Bathing your dog can be an exercise in patience. But if you start with regular baths early in their life, both of you will become pros.
Knowing how often to bathe your dog is based on a few different things, but it mostly comes down to the type of fur they have and what kind of things they are getting into.
Bathing once a month is perfect for most dogs. But if you're dog has oily fur, you may need to wash them as much as once per week. Most short-haired dogs like beagles can do with less frequent bathing and dogs with water-repellent coats like golden retrievers should be bathed much less often to maintain the natural oils in their fur. Dogs that have thick hair, like a husky, need fewer baths but more brushing.
If your pup loves to swim in the lake, dig and roll around in dirt piles, or jump in mud puddles (like that little mud monster up there) then you'll probably want to bathe them more often.
Make sure that you have all the supplies you need nearby. Brush, shampoo, a mat for the bottom of your tub, and a pitcher or container of some sort to pour water over your pup. You'll also want lots of towels and you should wear older clothes because you're going to get wet.
First brush your dog. Get out any mats or tangles as these will hold water once he's wet and that can lead to skin irritation.
You may also want to clip their nails before they get into the bath. This will prevent them from scratching you and the bottom of your tub.
If your dog is small, bathe them in your kitchen sink or utility sink, if you have one. It will be easier on your knees and you'll have a much better angle on them. If your dog is too big for the sink, you're headed for the bathtub.
Bathtubs are slippery. Lay down a towel or bathmat at the bottom of your tub/sink without blocking the drain. It will give your dog something to grip onto, making them feel safer.
We also recommend using a drain strainer when you're letting the water out of the tub so that you don't clog your drain with fur.
Fill the bath tub up to their knee level. It should be warm, but not hot.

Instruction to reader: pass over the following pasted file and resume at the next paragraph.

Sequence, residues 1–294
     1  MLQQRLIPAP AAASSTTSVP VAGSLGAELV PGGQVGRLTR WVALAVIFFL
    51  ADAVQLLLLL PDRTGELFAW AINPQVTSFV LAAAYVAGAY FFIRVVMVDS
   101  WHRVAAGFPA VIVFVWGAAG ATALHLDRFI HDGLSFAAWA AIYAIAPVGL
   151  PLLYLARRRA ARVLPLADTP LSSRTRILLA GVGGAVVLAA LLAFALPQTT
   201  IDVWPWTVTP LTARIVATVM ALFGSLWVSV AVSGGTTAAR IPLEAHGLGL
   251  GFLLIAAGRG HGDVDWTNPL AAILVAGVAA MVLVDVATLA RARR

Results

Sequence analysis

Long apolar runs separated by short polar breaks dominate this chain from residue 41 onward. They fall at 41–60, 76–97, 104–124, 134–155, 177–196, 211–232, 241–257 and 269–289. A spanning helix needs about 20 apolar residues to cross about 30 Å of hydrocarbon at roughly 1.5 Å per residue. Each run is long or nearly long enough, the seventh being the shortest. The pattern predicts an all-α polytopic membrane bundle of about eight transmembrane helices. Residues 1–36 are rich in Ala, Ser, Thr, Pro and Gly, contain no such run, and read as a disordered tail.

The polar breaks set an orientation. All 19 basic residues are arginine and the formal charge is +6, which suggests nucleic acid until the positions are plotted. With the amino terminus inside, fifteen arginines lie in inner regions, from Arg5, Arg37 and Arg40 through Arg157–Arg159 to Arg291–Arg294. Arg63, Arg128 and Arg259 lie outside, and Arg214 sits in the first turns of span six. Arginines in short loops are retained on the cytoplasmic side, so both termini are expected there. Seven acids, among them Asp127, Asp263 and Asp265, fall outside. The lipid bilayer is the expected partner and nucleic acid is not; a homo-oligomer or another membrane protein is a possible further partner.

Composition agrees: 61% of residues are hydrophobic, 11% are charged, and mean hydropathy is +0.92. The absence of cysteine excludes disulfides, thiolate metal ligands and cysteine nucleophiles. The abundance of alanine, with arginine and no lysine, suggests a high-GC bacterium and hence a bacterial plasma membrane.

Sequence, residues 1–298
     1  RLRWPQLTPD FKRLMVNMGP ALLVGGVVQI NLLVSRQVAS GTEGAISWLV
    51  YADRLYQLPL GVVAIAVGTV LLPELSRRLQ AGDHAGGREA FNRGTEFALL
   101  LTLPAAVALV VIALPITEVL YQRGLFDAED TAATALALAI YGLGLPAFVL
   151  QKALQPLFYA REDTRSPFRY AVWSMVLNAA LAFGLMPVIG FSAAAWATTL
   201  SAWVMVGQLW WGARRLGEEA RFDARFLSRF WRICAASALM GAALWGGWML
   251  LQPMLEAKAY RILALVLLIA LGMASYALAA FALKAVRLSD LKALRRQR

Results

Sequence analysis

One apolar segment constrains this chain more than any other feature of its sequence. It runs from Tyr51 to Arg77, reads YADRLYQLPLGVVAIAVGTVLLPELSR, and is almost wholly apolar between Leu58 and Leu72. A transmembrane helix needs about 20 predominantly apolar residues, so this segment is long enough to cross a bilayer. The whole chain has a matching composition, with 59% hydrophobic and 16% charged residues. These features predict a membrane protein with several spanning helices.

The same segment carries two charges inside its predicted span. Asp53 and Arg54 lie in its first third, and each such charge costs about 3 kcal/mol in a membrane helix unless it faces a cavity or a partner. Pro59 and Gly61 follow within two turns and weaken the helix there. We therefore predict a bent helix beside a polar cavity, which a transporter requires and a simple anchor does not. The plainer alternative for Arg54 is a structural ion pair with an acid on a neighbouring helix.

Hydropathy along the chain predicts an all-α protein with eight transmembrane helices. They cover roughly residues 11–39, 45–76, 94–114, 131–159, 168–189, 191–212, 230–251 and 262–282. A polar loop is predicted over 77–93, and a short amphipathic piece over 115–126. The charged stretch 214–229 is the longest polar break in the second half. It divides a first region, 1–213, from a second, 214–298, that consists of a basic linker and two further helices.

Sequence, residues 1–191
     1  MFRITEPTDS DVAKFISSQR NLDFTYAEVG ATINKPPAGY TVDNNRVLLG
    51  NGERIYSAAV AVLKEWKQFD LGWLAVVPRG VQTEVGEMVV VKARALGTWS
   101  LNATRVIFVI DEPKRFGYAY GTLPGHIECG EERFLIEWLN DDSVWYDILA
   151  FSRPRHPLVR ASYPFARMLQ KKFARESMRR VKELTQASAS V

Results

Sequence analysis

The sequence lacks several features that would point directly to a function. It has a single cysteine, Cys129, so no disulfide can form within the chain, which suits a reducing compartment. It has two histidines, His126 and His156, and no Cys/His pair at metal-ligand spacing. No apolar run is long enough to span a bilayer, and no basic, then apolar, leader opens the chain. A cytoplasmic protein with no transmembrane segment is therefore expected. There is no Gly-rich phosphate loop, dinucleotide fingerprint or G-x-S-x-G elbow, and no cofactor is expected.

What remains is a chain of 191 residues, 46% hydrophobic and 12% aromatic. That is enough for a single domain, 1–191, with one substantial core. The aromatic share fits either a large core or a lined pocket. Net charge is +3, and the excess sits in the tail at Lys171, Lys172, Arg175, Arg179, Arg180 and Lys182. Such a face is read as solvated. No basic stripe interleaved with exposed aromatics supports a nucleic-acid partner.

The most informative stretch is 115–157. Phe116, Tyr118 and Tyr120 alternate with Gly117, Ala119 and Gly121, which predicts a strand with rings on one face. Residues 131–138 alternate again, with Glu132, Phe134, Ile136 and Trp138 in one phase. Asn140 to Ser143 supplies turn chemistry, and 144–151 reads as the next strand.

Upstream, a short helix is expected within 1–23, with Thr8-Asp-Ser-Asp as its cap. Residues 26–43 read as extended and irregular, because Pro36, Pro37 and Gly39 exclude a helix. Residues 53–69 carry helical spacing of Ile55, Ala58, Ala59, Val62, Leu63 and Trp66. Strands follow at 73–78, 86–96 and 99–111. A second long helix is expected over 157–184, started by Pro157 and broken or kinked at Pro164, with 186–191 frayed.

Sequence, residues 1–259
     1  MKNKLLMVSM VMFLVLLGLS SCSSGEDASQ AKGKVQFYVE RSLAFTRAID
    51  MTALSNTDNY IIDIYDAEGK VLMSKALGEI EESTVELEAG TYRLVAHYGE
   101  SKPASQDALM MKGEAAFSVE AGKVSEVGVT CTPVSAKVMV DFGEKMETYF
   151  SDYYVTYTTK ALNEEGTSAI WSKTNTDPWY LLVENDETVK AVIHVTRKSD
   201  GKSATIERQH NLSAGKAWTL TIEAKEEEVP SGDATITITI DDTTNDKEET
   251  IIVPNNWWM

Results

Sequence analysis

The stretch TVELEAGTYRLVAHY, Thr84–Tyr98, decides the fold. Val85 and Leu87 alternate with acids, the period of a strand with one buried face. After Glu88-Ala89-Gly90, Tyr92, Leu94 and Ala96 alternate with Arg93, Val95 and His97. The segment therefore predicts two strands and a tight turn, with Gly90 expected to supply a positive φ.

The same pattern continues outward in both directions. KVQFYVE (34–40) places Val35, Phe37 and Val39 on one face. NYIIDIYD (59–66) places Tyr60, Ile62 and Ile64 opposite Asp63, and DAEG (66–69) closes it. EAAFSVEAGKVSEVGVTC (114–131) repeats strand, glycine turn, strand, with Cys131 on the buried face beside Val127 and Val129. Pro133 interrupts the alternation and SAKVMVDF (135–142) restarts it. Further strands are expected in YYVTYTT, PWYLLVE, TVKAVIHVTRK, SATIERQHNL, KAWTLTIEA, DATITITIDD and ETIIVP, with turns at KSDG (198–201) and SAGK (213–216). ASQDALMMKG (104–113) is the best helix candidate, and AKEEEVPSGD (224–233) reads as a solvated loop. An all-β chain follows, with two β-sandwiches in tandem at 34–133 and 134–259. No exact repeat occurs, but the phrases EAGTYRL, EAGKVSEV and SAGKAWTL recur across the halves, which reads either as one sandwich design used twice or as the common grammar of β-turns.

Here's a quick tip: Open all the bottle caps of any bottles before hand so you're not wrestling with the pooch and bottles simultaneously.
During the bath:
Throughout this process, talk to your dog in a calm and soothing voice. They often look to you on how they should react to certain situations. So if you're calm, they will be calm.
If your pup is really nervous or scared, you might want a helper to hold onto them and keep them feeling safe.
Use the pitcher or container to get your dog good and wet with the warm water before you start with the shampoo.
Then, get a Toonie sized amount of World of Angus Dog Shampoo in your hand and wipe it down the middle of their back. From there, working from the neck back, lather it into their fur. You might want to use a wet brush here to make sure it really gets down to the skin.
Make sure you get in their arm pits and down their legs. And don't forget in between their toes!
Rinse off all the shampoo really well. Use the pitcher or container to gentle dump water all over their back. Any left over shampoo can potentially irritate their skin, so be very thorough.
Then take a pea sized amount of Dog Shampoo, rub it between your hands and massage it into their head. Be very careful with this step. You don't want to get it in their ears or in their eyes.
Rinse the soap from their head by tilting their head back with one hand and very gently pouring water over their head. Again, be thorough with this.
Throughout this process, be very gentle and calm. That's the most important tip we can give you for bathing your dog at home.
When you've removed all the shampoo from your pup, pick them up out of the tub and place them on a clean dry towel. Give them a good gentle rub all over with another dry towel to get any excess water off of them. Preferably, do this before they shake and get water everywhere.
Dry well around their ears since excess water can lead to ear infection.
At this point you can use a blowdryer to dry them, or let them air dry. Just don't let your dog run around outside until they are completely dry.
And that's it! Your dog will be feeling clean and happy that whole process is over. With a bit of practice, you'll get faster and your dog will get used to it so don't stress out too much if the first time was a little stressful.
Regularly brushing your dog will keep their fur and skin feeling great. It will also help them get used to you touching their paws, ears and face.